The UK is set to head to the polls again on 12 December and, although many issues will be on voters’ minds, Brexit is expected to be the most significant.
Prime Minister Boris Johnson’s wish to have a general election before Christmas was approved by MPs on Tuesday (29 October).
Once the decision passes through the House of Lords, and receives royal assent, Parliament will be dissolved next Wednesday (6 November) ahead of five weeks of election campaigning.
It is hoped that a general election will break the deadlock over the issue of Brexit.
The terms on which the UK leaves the European Union – if it does at all – will have numerous consequences for our human rights. These touch on free movement, employment rights, data rights, social and environmental protections, and peace in Northern Ireland.
EachOther has listed here where parties stand on this key issue, and what it could mean for our rights.
PM Johnson has secured a new withdrawal agreement with the EU. This deal would prevent a hard border in Northern Ireland, and the associated human rights concerns.
It would mean losing the EU Charter of Fundamental Rights, which duplicates the protection of the Convention of Human Rights (which will not be affected by Brexit), and adds some additional protections such as a the right to asylum.
The deal would also see an end to free movement after the transition period to leave the EU ends on 31 December 2020, unless this period is extended.
It removes a legally-binding obligation to maintain the EU’s “level playing field” commitments – a number of regulations on workers’ rights, and social and environmental protections. However, Johnson has promised to maintain these standards after leaving the EU and give Parliament a say on any changes.
Johnson hopes to secure a majority in Parliament in order to pass his deal, but has also repeatedly stated he wishes to get Brexit done as soon as possible, with or without a deal.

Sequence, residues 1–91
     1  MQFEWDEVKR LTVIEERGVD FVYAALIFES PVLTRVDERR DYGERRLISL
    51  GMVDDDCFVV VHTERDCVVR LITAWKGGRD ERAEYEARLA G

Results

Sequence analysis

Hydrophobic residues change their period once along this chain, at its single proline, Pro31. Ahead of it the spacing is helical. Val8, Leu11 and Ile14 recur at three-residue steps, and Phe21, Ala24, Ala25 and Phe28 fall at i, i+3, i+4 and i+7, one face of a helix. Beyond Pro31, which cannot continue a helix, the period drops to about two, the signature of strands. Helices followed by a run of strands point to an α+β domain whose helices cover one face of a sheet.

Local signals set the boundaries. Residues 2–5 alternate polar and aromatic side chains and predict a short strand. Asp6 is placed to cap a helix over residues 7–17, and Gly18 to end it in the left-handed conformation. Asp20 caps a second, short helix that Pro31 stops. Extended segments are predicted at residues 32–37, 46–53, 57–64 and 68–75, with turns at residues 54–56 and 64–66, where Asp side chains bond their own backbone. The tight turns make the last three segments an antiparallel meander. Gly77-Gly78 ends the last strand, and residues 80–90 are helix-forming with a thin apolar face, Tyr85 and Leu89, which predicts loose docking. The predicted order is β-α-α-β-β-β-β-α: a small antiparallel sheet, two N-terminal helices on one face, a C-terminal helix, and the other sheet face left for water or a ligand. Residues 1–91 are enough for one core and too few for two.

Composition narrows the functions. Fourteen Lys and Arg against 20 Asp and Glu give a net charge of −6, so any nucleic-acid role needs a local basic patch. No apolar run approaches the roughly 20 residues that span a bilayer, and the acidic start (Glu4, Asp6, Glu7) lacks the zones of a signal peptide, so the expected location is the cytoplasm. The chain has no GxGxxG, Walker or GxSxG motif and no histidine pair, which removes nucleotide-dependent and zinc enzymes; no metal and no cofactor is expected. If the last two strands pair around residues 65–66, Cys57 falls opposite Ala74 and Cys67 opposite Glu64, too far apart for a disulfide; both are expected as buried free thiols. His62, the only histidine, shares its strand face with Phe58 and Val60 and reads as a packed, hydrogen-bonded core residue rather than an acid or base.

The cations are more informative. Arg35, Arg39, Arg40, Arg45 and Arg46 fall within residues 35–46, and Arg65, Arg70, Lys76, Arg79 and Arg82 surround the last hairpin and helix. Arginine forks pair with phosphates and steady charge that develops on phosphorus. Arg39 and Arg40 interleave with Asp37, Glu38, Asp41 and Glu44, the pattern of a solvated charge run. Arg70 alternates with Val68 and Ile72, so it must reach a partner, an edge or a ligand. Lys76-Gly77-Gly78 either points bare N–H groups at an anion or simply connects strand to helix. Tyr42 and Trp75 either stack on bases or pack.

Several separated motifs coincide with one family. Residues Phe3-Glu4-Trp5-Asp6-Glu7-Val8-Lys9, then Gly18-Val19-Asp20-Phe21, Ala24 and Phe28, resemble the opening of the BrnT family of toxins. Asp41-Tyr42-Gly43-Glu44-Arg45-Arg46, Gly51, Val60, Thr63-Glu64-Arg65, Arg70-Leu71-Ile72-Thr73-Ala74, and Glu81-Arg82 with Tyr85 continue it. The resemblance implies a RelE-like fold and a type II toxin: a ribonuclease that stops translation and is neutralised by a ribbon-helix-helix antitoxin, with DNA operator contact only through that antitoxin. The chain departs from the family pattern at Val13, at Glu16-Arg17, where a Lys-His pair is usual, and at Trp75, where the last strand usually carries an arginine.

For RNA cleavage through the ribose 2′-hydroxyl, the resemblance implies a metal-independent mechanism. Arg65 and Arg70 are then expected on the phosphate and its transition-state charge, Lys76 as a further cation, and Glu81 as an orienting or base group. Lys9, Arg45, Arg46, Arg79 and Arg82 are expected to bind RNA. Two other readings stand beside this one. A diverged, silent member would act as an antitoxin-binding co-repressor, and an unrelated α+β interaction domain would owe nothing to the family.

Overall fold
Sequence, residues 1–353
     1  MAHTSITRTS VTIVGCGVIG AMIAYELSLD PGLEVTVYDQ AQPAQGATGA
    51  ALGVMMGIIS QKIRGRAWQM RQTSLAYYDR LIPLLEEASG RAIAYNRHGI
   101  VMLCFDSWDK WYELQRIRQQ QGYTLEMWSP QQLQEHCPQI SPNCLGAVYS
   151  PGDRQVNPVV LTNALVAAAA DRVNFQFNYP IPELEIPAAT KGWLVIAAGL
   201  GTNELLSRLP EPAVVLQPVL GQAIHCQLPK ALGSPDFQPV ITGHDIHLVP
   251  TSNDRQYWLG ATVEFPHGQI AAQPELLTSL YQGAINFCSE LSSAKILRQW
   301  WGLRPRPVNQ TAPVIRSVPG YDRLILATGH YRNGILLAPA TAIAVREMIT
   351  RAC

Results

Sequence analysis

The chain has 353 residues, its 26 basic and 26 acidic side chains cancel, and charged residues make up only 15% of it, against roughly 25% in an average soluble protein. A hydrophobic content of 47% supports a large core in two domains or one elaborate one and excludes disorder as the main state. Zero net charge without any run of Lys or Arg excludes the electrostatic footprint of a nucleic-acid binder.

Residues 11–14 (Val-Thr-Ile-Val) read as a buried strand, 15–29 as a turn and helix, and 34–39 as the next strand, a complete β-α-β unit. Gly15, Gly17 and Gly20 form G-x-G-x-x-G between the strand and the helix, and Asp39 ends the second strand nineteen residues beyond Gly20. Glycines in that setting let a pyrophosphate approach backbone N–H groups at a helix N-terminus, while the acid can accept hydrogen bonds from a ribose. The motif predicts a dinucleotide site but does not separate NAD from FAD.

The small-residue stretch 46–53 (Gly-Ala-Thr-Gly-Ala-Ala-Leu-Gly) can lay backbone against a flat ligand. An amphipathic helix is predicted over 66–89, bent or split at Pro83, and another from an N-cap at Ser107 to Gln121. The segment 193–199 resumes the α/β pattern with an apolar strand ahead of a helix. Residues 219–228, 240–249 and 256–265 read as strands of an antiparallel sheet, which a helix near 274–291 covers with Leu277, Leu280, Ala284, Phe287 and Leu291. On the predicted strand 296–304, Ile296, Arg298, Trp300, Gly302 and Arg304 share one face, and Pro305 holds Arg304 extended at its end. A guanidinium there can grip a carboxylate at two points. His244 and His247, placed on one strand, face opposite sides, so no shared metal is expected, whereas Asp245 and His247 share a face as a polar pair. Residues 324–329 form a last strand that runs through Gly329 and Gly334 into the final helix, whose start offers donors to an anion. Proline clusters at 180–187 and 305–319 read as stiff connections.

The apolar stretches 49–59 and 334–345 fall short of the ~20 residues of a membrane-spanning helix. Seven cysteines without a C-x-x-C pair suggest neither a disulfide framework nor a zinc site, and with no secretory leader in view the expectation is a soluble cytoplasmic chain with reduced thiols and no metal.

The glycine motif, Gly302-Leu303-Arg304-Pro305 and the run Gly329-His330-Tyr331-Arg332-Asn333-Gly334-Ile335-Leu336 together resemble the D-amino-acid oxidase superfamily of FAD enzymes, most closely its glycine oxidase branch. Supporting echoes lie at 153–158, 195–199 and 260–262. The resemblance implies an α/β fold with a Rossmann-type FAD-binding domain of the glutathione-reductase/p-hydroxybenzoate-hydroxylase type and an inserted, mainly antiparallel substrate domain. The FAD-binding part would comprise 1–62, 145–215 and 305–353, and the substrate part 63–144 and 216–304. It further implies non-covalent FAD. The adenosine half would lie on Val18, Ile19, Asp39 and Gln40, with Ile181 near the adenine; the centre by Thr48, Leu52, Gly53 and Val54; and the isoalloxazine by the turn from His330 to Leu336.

The Conservative Party opposes a second referendum on Brexit.
Labour hopes to be able to form a government and renegotiate the terms of Brexit.
The party would put this new deal to the country in a second referendum, and hold a party conference before that to decide whether it would campaign to remain in the EU, or leave on the terms of its newly negotiated deal.
Labour would like to remain in a customs union with the EU. This would avoid a hard border in Northern Ireland; a hard border could disrupt the fragile peace that has existed there since the Good Friday Agreement was signed in 1998.
The party has also spoken of its desire to maintain the “level playing field” commitments around workers’ rights and social environmental protections and, as recently as January 2018, has sought to retain the EU Charter of Fundamental Rights post-Brexit.
Labour voted to maintain and extend free movement at its conference last month.
The Liberal Democrats have promised to scrap Brexit by revoking Article 50 if they are elected to government. If they do not win a majority, they will continue to campaign for a second Brexit referendum.